ARES-RACES Volunteers Conclude Rim Fire Activation
Amateur Radio volunteers supporting the Red Cross and local government in the wake of the gigantic Rim Fire, in and near California’s Yosemite National Park and the Stanislaus National Forest, have stood down after 16 days on duty. The initial callout on August 19 responded to a request to assist the Red Cross in setting up an evacuation center in Groveland, California. Shelter operations relocated the following day to the Tuolumne County Fairgrounds in Sonora, Tuolumne County ARES Emergency Coordinator Carl Croci, NI6Z, reported. Also on August 20, the Tuolumne County Office of Emergency Services requested Amateur Radio assistance to staff the Sonora Red Cross shelter and the community information telephone system at the Tuolumne County emergency operations center. Croci and Tuolumne County RACES Radio Officer Phil Fish, WB6GGY, handled the callout and soon had volunteers for both locations as well as some on standby. On September 4, Croci announced the end of the ARES-RACES activation.
“This morning, I learned the Rim Fire was considered 80 percent contained,” he said. “The community information phones have been secured. All evacuations have been lifted, the Red Cross is dismantling the shelter, and we ham radio operators are trying to get our stations back in working order.” At one point the Tuolumne County Fairgrounds was sheltering some 100 evacuees.
Croci said that in the Groveland area, where he lives, residents are still dealing with morning smoke, which he anticipates will remain for a while. “Estimates are the fire will not be considered out until the first rain or snow,” he added.
More than two dozen radio amateurs were involved in the Rim Fire callout. Croci said the US Forest Service Type One Team told him that the combined operation conducted by Tuolumne County OES, ARES-RACES, the Tuolumne chapter of the Red Cross and the cooperation of the people of Tuolumne County will serve as an example for future operations.”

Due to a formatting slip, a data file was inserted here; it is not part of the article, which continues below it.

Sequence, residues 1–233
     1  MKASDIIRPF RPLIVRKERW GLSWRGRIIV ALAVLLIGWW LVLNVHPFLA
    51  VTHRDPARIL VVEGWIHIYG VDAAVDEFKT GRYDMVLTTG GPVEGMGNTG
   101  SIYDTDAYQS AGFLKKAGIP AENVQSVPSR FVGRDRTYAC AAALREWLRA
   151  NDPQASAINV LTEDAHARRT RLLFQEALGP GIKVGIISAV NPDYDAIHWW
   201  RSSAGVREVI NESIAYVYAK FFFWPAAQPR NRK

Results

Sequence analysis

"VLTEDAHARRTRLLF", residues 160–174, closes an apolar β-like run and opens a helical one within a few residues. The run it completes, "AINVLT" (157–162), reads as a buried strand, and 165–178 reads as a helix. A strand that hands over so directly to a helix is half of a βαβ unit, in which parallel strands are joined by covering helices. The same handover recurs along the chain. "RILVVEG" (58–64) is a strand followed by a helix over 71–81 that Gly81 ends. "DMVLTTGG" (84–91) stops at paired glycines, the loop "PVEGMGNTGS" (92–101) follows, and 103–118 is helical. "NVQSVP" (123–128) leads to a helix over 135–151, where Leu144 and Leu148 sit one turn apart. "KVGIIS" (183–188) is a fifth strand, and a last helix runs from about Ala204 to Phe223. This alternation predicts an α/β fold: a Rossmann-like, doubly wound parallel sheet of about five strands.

Croci expressed his thanks to all volunteers, and cited Fish “for his extraordinary operation and scheduling of personnel during the Rim Fire and Barbara Fish, KE6RGP, for leading the PIO operation.” Volunteers from Calaveras County ARES also participated in the activation.
To the south, Fresno County ARES assisted the Central Valley Red Cross with communications, relaying information from a shelter to the Red Cross headquarters in Fresno. For a time Mariposa County ARES staffed a shelter at Greeley Hills Community Center, ready to pass traffic to Red Cross Headquarters. ARRL San Joaquin Valley Section Manager Dan Pruitt, AE6SX, said volunteers set up August 26 at the Red Cross office in Fresno, where they installed a station capable of operating on emergency power. “We made contact with Mariposa County ARES at the Greeley Hill shelter,” Pruitt said. “We passed traffic until we were asked to shut down for the night.” Volunteers returned early the next day. They dismantled the station on August 27. Pruitt said eight volunteers turned out for that activation.
During the activation, Fresno County ARES used Fldigi and Flmsg — a forms management editor — on PSK125 to pass traffic from the shelter and the Red Cross Headquarters. “We found that the faster speed and wider signal [resulted in] fewer errors.” Pruitt said, adding that the Red Cross “was very impressed” with their ability to send and receive traffic in the Incident Command System general message form (ICS-213), filled out and printed.
As of September 4, the Rim Fire had claimed nearly 236,000 acres and more than 100 structures, including a few homes. The cost to date of battling the fire was estimated at more than $77 million.